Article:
MBIA, Assured tap restructuring advisers for Puerto Rico

A man walks past a vacant building in the Santurce neighborhood of San Juan, Puerto Rico.
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A man walks past a vacant building in the Santurce neighborhood of San Juan, Puerto Rico.

A pair of big bond insurers with more than $10 billion of exposure to Puerto Rican debt have hired restructuring advisers as the commonwealth continues on a path toward a reckoning with creditors.

MBIA is working with financial advisers from The Blackstone Group, according to two sources with knowledge of the matter. Assured Guaranty has hired professionals from investment bank Houlihan Lokey, Assured's spokeswoman, Ashweeta Durani, confirmed.

The hirings are the latest sign that Puerto Rico's debt crisis appears to be moving toward a restructuring, even as some bondholders have challenged the constitutionality of a law that would allow certain of the commonwealth's public agencies to refinance their debt.

Puerto Rico is being advised by well-known New York-based restructuring lawyers, who helped write the law, and distressed debt investors have begun snapping up the commonwealth's high-yield debt.

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The move by MBIA and Assured to hire advisers comes as concerns grow about the exposure the bond insurers have to long-struggling Puerto Rico and its public corporations, the island's electric authority in particular.

A spokesperson for MBIA did not immediately return a call.

Earlier on Monday, the Puerto Rico Electric Power Authority, or PREPA, struck a deal with bank lenders providing it revolving lines to allow it to delay until July 31 certain payments that are currently due.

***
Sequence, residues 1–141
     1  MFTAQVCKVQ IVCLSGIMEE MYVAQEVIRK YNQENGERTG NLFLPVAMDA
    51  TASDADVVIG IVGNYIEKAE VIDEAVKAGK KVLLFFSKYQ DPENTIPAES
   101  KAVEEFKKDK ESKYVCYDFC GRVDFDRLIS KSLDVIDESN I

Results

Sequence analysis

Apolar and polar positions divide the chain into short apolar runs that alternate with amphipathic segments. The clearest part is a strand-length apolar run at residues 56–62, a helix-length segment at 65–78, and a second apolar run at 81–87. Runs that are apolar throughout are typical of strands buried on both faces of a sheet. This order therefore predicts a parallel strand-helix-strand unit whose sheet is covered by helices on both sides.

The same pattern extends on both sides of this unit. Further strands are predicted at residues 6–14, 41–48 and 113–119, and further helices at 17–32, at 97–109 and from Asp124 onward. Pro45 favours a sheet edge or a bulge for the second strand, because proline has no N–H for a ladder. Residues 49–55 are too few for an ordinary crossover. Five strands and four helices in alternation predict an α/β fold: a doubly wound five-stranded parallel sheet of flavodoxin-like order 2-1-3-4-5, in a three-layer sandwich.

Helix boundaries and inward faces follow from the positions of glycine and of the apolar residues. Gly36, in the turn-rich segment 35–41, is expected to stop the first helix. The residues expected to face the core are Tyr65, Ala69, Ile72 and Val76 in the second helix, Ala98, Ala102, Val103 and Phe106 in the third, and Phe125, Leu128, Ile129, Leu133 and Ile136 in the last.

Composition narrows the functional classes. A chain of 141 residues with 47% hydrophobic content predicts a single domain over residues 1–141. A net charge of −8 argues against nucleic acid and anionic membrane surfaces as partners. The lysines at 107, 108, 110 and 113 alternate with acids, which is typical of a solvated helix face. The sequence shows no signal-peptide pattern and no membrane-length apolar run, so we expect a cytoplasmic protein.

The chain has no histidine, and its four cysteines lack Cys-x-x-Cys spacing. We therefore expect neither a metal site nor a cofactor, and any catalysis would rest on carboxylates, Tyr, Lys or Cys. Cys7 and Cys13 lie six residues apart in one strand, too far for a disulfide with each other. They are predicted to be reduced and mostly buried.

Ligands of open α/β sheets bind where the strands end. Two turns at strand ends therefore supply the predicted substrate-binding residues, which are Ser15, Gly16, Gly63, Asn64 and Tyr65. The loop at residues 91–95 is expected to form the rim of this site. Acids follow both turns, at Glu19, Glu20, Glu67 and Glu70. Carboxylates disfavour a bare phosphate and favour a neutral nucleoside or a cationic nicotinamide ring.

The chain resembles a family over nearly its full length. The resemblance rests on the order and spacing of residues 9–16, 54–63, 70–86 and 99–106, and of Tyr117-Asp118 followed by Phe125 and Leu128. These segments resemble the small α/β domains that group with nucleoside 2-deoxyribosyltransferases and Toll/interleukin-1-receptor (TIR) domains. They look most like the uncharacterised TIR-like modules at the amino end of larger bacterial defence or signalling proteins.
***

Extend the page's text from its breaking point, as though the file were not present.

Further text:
In addition to at least $671 million in bank loans, PREPA has some $8.8 billion of bonds oustanding. In all, Puerto Rico and its agencies are around $73 billion in debt.

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The catalyst for the latest worry among Puerto Rico creditors was enactment of a law last month setting up a path for PREPA and its sister agencies - the water and sewer and highway transportation authorities - to restructure their debts.

The law "raises questions about Puerto Rico's credit conditions and willingness to pay its debt," Moody's Investors Service analyst Stanislas Rouyer wrote in a note.

Given the sizeable exposure MBIA, Assured Guaranty and a third insurer, Radian Group Inc., have to the U.S. territory and its agencies, the new law is a "credit negative," Rouyer wrote.

MBIA's National Public Finance Guarantee unit has $4.8 billion of total net exposure to Puerto Rico debt, according to Moody's. That is 145 percent of NPFG's statutory capital of $3.3 billion. Exposure to PREPA alone, at $1.5 billion, is equal to 46 percent of statutory capital.

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Assured Guaranty insures $5.4 billion of Puerto Rico bonds through three different operating units. Comparable to MBIA's NPFG, Assured's reinsurance unit has exposure that exceeds its statutory capital.

Radian's exposure is smallest, at $452 million, equal to 31 percent of its statutory capital, and it has just $22 million of insurance written on PREPA bonds.

Shares of all three insurers ended Monday lower on Wall Street. Radian fell 2.86 percent to $14.25; MBIA fell 2.81 percent to $10; and Assured fell 0.5 percent to $23.09.